Lithium Prices Go To The Moon, General Motors Buys a Mine

Lithium prices are up 5x over the last 12 months and the auto makers are feeling it. All the electric vehicle promises come with supply changes that are forcing a slew of deal making and partnerships. While Tesla is building a Texas refinery for Lithium, GM announced a $69m investment in an Australian mine to secure raw materials.

Finite’s Take:
GM’s significant investment comes only weeks after GM assured investors on their Q2 earnings call that ‘GM has binding agreements securing all battery raw materials’ calling into questions how much CAPEX will be needed in the transition to a 100% electric fleet. As existing autos rebuild their supply chain and new autos come in, raw materials will be under pressure. Notably, even if the commodity is abundant, processing plants need to be built and operationally to supply a finished product to the autos.

Blackrock and Citi Bail on COP27, Other Banks ‘Quiet Quit
Conference of the Parties (COP), the source of many sustainable finance headlines over the past few years is, once again, upon us. Last year’s COP26 brought the big announcement that 500 financial sector firms representing $130 Trillion were committed to negate greenhouse gases from their balance sheets by 2050. A year later, Larry Fink (the most outspoken proponent) and Citi’s Jane Fraser won’t be attending while J.P. Morgan, Bank of America, and Morgan Stanley are contemplating leaving the commitment all together.

Finite’s Take:

Talk was cheap, but the banks are finding out just how expensive it is this year. It was easy last year to make bold climate commitments and appeal to the ‘cool crowd.’ What a difference a year can make, energy prices are up and the lawyers have been activated to ensure fiduciary duties are met. Banks are now stuck in the middle of commitments and the reality that they’re in the business of making money. Lending to fossil fuel companies is up 15%, generating over $1 billion in revenue so far in 2022. Beyond the profit motive, as we discussed last week, banks are under increased scrutiny to act as a fiduciary in their climate based actions.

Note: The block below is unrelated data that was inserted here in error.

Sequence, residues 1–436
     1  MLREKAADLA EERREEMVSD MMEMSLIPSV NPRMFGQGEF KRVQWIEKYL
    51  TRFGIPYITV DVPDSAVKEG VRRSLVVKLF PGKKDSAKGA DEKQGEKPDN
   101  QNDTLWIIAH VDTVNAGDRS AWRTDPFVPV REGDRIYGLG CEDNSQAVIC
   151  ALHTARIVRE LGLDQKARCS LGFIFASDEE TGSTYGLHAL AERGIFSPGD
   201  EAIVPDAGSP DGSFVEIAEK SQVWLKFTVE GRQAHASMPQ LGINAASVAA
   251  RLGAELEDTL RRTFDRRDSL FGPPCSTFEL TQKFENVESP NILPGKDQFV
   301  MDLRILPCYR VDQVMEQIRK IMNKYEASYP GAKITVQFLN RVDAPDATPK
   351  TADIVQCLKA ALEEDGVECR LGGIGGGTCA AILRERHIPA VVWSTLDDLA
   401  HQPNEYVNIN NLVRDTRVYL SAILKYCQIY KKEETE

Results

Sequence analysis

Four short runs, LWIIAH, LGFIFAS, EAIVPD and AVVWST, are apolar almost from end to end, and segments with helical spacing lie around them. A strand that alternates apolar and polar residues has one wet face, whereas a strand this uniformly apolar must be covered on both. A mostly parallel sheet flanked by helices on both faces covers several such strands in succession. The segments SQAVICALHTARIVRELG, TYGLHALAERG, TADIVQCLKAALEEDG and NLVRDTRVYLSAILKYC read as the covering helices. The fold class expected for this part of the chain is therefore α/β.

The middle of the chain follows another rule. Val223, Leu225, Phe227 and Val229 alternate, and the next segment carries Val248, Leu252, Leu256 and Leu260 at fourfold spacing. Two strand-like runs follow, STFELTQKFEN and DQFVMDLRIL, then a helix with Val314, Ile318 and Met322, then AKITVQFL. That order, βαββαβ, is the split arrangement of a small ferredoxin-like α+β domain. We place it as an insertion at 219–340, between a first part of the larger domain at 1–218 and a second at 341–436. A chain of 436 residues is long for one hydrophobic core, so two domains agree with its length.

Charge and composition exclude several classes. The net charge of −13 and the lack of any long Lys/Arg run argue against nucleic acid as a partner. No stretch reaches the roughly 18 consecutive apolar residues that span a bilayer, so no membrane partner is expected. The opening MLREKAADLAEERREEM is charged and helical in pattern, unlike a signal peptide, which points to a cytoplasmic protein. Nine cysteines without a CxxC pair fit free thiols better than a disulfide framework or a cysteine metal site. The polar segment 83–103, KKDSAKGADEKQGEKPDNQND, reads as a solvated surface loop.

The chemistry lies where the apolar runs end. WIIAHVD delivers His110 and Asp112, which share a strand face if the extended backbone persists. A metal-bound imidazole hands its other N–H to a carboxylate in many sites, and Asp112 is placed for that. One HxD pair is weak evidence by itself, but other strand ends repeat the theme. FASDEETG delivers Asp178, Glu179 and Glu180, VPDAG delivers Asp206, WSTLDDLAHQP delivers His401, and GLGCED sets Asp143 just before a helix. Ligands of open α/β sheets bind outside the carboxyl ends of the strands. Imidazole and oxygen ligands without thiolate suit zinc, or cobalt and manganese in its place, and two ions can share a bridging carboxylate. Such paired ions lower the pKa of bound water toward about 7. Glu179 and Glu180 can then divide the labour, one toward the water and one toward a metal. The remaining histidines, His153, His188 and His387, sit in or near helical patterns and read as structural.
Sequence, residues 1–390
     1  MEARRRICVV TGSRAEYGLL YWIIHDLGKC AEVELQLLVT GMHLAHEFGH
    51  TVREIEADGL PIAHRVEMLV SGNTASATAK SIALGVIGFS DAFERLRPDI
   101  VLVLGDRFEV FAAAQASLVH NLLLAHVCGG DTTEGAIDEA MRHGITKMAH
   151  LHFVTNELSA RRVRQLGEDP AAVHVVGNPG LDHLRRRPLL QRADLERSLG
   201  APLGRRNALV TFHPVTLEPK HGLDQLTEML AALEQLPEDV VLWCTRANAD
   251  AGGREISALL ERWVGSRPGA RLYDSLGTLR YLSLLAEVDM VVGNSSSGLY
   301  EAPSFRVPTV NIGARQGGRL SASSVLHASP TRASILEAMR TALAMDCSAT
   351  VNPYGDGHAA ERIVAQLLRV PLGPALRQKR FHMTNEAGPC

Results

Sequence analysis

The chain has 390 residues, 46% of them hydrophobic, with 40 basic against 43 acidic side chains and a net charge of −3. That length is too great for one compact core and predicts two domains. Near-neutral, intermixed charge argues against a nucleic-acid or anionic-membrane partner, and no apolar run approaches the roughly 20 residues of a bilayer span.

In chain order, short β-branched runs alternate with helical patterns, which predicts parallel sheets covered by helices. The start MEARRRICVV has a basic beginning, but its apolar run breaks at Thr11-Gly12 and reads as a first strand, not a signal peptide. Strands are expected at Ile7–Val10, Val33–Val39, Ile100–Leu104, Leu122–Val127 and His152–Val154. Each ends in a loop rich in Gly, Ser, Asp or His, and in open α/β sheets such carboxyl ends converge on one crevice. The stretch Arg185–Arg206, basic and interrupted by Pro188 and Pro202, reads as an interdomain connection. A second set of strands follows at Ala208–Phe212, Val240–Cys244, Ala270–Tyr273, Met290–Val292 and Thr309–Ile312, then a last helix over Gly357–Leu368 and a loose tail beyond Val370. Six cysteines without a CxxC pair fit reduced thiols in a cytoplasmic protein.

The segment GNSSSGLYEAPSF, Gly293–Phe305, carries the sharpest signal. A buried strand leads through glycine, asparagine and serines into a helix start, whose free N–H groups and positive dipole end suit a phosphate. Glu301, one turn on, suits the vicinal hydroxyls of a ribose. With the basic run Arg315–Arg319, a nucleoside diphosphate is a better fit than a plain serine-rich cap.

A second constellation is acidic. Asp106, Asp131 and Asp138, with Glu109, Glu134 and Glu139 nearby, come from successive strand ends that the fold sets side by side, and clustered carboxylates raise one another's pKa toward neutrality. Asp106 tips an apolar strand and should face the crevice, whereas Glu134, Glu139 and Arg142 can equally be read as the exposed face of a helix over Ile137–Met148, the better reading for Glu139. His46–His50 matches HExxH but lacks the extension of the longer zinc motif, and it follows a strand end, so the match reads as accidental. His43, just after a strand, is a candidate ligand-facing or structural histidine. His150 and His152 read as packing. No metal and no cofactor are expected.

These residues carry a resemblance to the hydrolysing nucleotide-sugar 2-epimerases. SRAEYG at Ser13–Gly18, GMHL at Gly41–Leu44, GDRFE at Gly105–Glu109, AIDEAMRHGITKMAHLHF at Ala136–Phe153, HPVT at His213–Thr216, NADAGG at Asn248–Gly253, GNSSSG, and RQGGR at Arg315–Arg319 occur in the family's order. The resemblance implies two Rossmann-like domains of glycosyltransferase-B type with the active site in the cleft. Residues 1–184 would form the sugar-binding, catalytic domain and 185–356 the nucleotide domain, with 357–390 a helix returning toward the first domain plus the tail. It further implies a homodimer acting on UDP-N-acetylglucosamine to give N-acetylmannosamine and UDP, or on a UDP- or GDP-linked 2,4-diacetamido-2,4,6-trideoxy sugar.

Chanel Sustainable Bonds Miss the Mark

Two years ago Chanel issued a Sustainable Linked Bond that associated interest cost to hitting certain milestones. When they issued the bond, they were weeks away from finalizing their climate metrics for 2-18, so they had to tie everything to 2018. Post issuance, it became clear that Chanel’s “targets” were actually already partially hit as of 2019. Chanel has successfully navigated the financial markets and climate warriors. Flash forward to 2022, when the interim targets are supposed to be met and Chanel is coming up short.

Finite’s Take:

Sustainable Linked Bonds are meant to give corporations a mechanism to ‘put their money where there mouth is’ and tie commitments to financing costs. In theory, a step in the right direction, but these loans are covenant light and the penalty is often near deminimus. Further, the companies can play games like Chanel and all but guarantee hitting the milestones by using stale metrics. To investors, Chanel missing the interim target does not lead to financial penalty, but it sets the stage for a 2025 miss if they don’t course correct. As we near the deadlines on these bonds, there will be opportunities to ‘bet’ on which operators will and will not be able to hit their targets.